If you don’t have a clue what Bitcoin is, you’re not the only one!
It’s not particularly new — Bitcoin was first mentioned in 2008 in a paper published under the name Satoshi Nakamoto. In 2009, the technology was unleashed upon the world and the first bitcoins were used.
Apart from those deeply invested in technological and financial news, this went largely unnoticed by most people until very recently.
After all, what’s the significance of virtual money any way?
More germane to our conversation, is there any future for using bitcoins to purchase real estate?
In December 2012, the first listings hit the market where the property was listed in bitcoin.
There are numerous articles on the internet since the end of last year of houses being bought and sold in the U.S. using bitcoins. There are even investment companies that allow you to invest in real estate using bitcoins.
So, as it turns out, there may be more of a future than you might think for Bitcoin.
How to Invest in Real Estate While Working a Full-Time Job
Many investors think that they need to quit their job to get started in real estate. Not true! Many investors successfully build large portfolios over the years while enjoying the stability of their full-time job. If that’s something you are interested in, then this investor’s story of how he built a real estate business while keeping his 9-5 might be helpful.
What is Bitcoin?
Bitcoin is, in the simplest terms, a virtual currency system that exploded in value at the end of 2013. Right now Bitcoin is not widely used nor widely known — but it’s definitely beginning to make waves as a new form of payment as a currency that is decentralized and exclusively digital. It isn’t controlled by a bank or individual and is considered a peer-to-peer payment system. “Bitcoin” with a capital B refers to the systems and technology itself, while “bitcoin(s)” refer to the actual currency.
There are no third parties to go through to exchange and transfer bitcoins to another user. In that respect, it’s a lot like email — free (or in the case of Bitcoin, usually free) and solely an exchange between recipients.
Like most currencies in the world, bitcoins can be broken up into smaller units, as with our quarters, dimes and so on.
What’s the Advantage?
Bitcoin bypasses the bank.
It can be used from web browsers, tablets and smartphones. It’s easier to use than a credit or debit card and any business that accept Bitcoin aren’t required to register any merchant accounts (as with other online payment systems like Paypal, which deal in existing currencies and through banks) or pay hefty fees for said accounts.
While there still aren’t many Bitcoin transactions taking place today in comparison to the tens of thousands per second that major credit card companies experience, this technology could very well turn global banking practices on their head.
Bitcoin could particularly be of value in poor countries where banks are few and far between. In these emerging markets, people may have better access to smartphones than to bank accounts. That bodes well for Bitcoin’s ability to compete on a global level.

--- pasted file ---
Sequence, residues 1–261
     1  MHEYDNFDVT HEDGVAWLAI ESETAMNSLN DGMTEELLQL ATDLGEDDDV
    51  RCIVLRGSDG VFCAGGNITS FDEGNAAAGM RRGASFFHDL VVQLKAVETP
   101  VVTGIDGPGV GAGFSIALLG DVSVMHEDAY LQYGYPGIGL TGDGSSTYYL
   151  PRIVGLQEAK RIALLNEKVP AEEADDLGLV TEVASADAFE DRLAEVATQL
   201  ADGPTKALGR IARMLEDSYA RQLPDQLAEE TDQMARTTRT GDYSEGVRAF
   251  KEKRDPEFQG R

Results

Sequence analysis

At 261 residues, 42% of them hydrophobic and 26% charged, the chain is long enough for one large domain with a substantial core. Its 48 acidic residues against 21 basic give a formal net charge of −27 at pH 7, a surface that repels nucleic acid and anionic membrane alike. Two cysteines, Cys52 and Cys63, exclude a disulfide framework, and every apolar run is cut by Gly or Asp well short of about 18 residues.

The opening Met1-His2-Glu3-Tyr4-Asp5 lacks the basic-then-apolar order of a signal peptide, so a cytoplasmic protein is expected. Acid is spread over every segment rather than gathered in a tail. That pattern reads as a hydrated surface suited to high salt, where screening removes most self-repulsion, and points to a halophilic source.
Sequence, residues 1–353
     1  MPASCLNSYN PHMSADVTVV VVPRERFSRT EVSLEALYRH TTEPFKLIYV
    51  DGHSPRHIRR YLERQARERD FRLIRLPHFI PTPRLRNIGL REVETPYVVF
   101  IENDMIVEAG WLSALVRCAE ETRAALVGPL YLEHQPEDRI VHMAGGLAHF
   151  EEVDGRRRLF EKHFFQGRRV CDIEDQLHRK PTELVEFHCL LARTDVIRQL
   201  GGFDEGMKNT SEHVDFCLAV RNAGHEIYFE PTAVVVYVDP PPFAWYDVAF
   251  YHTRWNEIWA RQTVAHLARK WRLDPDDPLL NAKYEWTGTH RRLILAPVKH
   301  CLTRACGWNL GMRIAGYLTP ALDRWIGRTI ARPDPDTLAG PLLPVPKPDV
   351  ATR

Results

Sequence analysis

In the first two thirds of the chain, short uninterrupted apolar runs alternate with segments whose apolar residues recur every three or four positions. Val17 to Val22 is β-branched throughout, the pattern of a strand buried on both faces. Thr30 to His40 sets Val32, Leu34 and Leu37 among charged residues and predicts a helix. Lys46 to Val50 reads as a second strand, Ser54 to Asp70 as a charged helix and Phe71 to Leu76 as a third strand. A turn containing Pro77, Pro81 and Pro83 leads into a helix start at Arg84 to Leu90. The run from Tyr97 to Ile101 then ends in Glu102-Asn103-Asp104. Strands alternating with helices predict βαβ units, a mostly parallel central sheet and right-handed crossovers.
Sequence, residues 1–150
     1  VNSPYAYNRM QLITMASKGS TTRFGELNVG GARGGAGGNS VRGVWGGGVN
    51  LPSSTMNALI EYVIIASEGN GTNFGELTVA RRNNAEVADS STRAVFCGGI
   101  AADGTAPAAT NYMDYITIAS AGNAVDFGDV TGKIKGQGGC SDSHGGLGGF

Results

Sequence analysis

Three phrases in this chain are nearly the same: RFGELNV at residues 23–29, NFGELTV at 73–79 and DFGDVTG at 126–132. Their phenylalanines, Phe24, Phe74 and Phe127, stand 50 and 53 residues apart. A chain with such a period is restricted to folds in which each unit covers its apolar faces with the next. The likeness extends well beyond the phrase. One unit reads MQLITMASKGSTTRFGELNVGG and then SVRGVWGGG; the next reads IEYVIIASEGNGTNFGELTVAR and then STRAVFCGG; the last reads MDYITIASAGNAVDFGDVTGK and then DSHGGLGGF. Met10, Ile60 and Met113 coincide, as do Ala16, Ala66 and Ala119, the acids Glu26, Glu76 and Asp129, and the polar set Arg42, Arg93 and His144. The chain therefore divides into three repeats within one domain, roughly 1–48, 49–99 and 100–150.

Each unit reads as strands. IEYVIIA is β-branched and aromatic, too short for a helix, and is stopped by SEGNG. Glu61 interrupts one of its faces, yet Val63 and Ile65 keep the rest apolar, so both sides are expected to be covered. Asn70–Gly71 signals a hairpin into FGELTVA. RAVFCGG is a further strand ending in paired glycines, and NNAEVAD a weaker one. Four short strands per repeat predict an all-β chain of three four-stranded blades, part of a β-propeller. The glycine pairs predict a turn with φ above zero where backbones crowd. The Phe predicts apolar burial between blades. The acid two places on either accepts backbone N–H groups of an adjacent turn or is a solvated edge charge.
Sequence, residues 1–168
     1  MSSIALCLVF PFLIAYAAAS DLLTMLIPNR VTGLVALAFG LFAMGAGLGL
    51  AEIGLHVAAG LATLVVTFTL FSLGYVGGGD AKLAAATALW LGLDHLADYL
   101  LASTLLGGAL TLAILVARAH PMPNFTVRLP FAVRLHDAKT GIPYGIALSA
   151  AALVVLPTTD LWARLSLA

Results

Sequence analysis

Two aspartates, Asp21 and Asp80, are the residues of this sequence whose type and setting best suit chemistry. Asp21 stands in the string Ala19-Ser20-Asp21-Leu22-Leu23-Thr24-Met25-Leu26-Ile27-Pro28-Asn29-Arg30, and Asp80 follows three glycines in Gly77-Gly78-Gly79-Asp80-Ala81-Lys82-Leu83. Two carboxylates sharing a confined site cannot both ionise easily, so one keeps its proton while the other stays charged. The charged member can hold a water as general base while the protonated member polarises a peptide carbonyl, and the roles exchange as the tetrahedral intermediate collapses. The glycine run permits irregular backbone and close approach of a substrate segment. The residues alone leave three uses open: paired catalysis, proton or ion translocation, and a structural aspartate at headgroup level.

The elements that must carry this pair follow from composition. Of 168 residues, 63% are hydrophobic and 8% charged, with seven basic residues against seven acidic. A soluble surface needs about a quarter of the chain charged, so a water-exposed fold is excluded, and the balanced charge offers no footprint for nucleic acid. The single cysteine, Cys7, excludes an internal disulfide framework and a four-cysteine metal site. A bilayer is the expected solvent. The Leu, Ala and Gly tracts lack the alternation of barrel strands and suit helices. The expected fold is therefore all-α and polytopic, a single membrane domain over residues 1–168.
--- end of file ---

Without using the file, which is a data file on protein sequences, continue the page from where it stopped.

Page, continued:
If Bitcoin is so Great, Why Haven’t I Heard of It?
Even though Bitcoin exploded in value last year, it’s still in its earlier stages of development and is only recently getting more coverage in mainstream financial news. Not only that, but it’s not a system without its fair share of criticism.
- Bitcoin prices are too volatile. The sudden increase in value isn’t necessarily a good thing — the value of a bitcoin jumped from an exchange rate of around $13.00 USD to $1,200. Of course, Bitcoin isn’t designed to be traded in for U.S. dollars. But… To avoid the volatility, one just stays within Bitcoin. Unlike national currencies, which are vulnerable to inflation and manipulations, there is a set number of bitcoins to be put into circulation: $21 million. That’s it. No more. As of April 2014, just over 12,650,000 bitcoins have been mined (meaning that they are in circulation).
- Bitcoins are used for illegal activity. Unfortunately, that’s the reputation Bitcoin received after the FBI took down Silk Road, an online store for drug trade. Why? Bitcoin transactions are anonymous — but only mostly. All transactions are public and, in theory, could be traced to an individual. The anonymity isn’t foolproof compared to that of cash, and those look to use bitcoins for illegal activities are finding that out.
So How Do I Use Bitcoin?
If you’re interested in Bitcoin, getting started is relatively easy.
Get a Wallet
Blockchain.info is the most popular wallet servicer for Bitcoin. They have both Android and iPhone apps. For payments, you’ll be given a unique address (like an email) and a QR code for mobile transactions.
There are three ways to get Bitcoins: buy on an exchange, buy from individuals, or mine them yourself. Mining, however, will require additional hardware for your computer.
You can read more about it here. For exchanges, you’ll give your Bitcoin address as funds will be directly transferred. Similarly, for individuals, you can open your wallet on your smartphone and have the seller scan your QR code for a transfer.
The Bitcoin wiki includes an extensive list of businesses that accept and use Bitcoin. Other lists are available online and are easily found with a quick Google search. Websites such as Overstock.com, for example, have started accepting Bitcoin payments.
While Bitcoin is still getting started, it has the potential to revolutionize banking and the face of global economic trade and possibly, jsut maybe revolutionize the way we buy real estate as well. Keep an eye on it in the financial news!
What do you think about Bitcoin?
Do you see this as having a future in real estate?
Tell us about it in the comments below!